a box with 48 cans of cabbage soup
August 21, 2019 3:30 PM   Subscribe

The Quest to Find a Lost Arctic Explorer’s Buried Soup An "Arctic mystery" may lead to a future of food under the permafrost. [Atlas Obscura]
posted by readinghippo (9 comments total) 13 users marked this as a favorite
Do Not Eat canned soup from long-ago arctic explorers. The lost crew of the Franklin expedition may have been killed by their own canned soup. That was 1845, and this one is 1900, but still.
posted by heatherlogan at 5:20 PM on August 21, 2019 [2 favorites]

It depends on the vintage of the canned soup. Stuff from the era when cans were individually soldered shut (with delicious lead solder), probably not that great.

I can't find a date more precise than "by the early 20th century" for modern can sealing technology, which just crimps the lid on, no lead solder.

Basically, as with sarcophagus juice, avoid ancient liquids. The rye bread might be okay (at least, compared to how much lead a nice acidic shchi would have leached out).
posted by ivan ivanych samovar at 5:48 PM on August 21, 2019 [2 favorites]

The Franklin crew were probably not killed by their tinned soup. All the known remains have high levels of lead, but so do an awful lot of pre-modern remains - lead pipes, pewter tableware, sugar of lead as a sweetener, mean that lead exposures were high for a lot of people. Similar lead-sealed tins were taken on other British Arctic and Antarctic expeditions which came home safely - in one case, Sir John Ross' expedition survived because they were able to use a cache of food (mainly tins) that had been left by an expedition four years previously. That means four additional years for the lead to leach into the food. In a marginal survival situation, any thing which tips the balance is important so I'm not saying that lead should be ignored. But scurvy is likely to have been a far more serious issue (none of their supplies would have actually prevented it - not understanding the mechanism of scurvy, they had switched to citrus cordials for prevention, not realising that the preparation destroys almost all the vitamin C). Some other commanders of Arctic expeditions used non-navy issue "antiscorbutics" - some of which (pickled whale skin, sauerkraut) were actually effective.

This project is fascinating, but the oldest tinned food tasted was a 137 year old tin of veal, cautiously nibbled (it had already been analysed and found to have high levels of tin and lead) in 1960. It had a "pronounced bitter taste" because of the metals, but had been effectively preserved. This was a tin brought home by the above-mentioned Sir John Ross, and had only had the benefits of Arctic climate for a few years; it had spent at least a century in Edinburgh, latterly being used as a doorstop.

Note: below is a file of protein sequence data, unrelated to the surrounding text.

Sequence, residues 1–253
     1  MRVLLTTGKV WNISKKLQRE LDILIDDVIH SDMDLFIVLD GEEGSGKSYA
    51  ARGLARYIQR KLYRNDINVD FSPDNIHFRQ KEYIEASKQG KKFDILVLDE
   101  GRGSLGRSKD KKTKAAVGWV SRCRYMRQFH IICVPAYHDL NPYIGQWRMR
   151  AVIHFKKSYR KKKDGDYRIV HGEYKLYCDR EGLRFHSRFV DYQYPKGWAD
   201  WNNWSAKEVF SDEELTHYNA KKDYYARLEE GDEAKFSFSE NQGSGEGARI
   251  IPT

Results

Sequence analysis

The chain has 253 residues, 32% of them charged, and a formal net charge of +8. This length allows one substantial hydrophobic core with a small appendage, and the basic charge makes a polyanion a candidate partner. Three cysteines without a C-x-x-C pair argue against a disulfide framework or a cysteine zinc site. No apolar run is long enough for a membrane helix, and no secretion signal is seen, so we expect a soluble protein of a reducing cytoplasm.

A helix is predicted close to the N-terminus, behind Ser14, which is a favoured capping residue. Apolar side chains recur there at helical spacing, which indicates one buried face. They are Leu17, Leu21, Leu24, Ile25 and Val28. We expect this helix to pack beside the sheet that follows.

posted by Vortisaur at 11:18 PM on August 21, 2019 [9 favorites]

Sugar of lead. Huh. Weird.
posted by verschollen at 9:58 AM on August 22, 2019 [2 favorites]

This is fascinating. As is Vortisaur's link and learning about sugar of lead. Thanks!

Leaving some cans behind with plans for specific retrieval dates extending 77 years is delightful. I wonder if the 1980 retrieval happened. The seven plates seem like they might not be the best set of tools with which to eat tea and oatmeal. (Assuming a plate is what I think it is.) But, I guess I'd take advantage of the opportunity to carry fewer plates too.

I've eaten dried meat that was frozen in polar ice for 24 years. The label said it was "pre-fried bacon, diced & pressed." It was unbelievably awful. Black, brittle bits of charred meat with all the fats congealed on the surface. For all I know, might have started out that way, but my guess is the plastic packaging wasn't an adequate seal. It sure wasn't as good as those biscuits.

I didn't eat the 36 year old glass jar of frozen pineapple cream. There was only one, so it seemed worth saving for the future.
posted by eotvos at 2:41 PM on August 22, 2019 [1 favorite]

So strange not to note that the permafrost is melting at an ever-increasing rate due to climate change. By 2050, the cache isn’t going to be frozen year-round anymore.
posted by rockindata at 4:10 AM on August 23, 2019 [2 favorites]

eotvos, can you tell us more about the situation that led to you eating that bacon? Otherwise I'm just going to be making up the story in my head. :D
posted by daisyk at 3:49 AM on August 25, 2019

Daisyk, I'm afraid it may not live up to your expectations. I was working at the south pole at the time. The food is shipped in pallets in multi-year quantities and stored outside. (The temperature rarely gets up to -20C in summer and never approaches 0, so outside is a pretty reliable deep freezer.) Items are pulled as needed from the pallets, brought inside for a few days to thaw, and turned into meals. But, sometimes things get overlooked, dropped behind other things, buried in snow drifts, etc.

One day the food hauler brought in a box of weird bacon bars they'd found that wasn't on the index and looked dated. The box was opened and offered to anyone who wanted to try one as a novelty. There was no obvious sell-by date, but a web search showed that the company had ceased to exist twenty years previously. We concluded that the seemingly random 6 digit number stamped on the packages was actually a MMDDYY date.

Knowing that there were two medical professionals on call one hundred feet away, I figured it was worth a try. I didn't get sick, but it sure was vile. More or less what I imagine licking the filter on the vent above a burger joint's grill would taste like. I'm guessing welded metal cans might have done a better job - at least in preserving taste - than plastic packaging from '80s.
posted by eotvos at 7:59 AM on August 25, 2019 [3 favorites]

This story was totally worth reading. Thank you. :)
posted by daisyk at 1:07 PM on August 25, 2019

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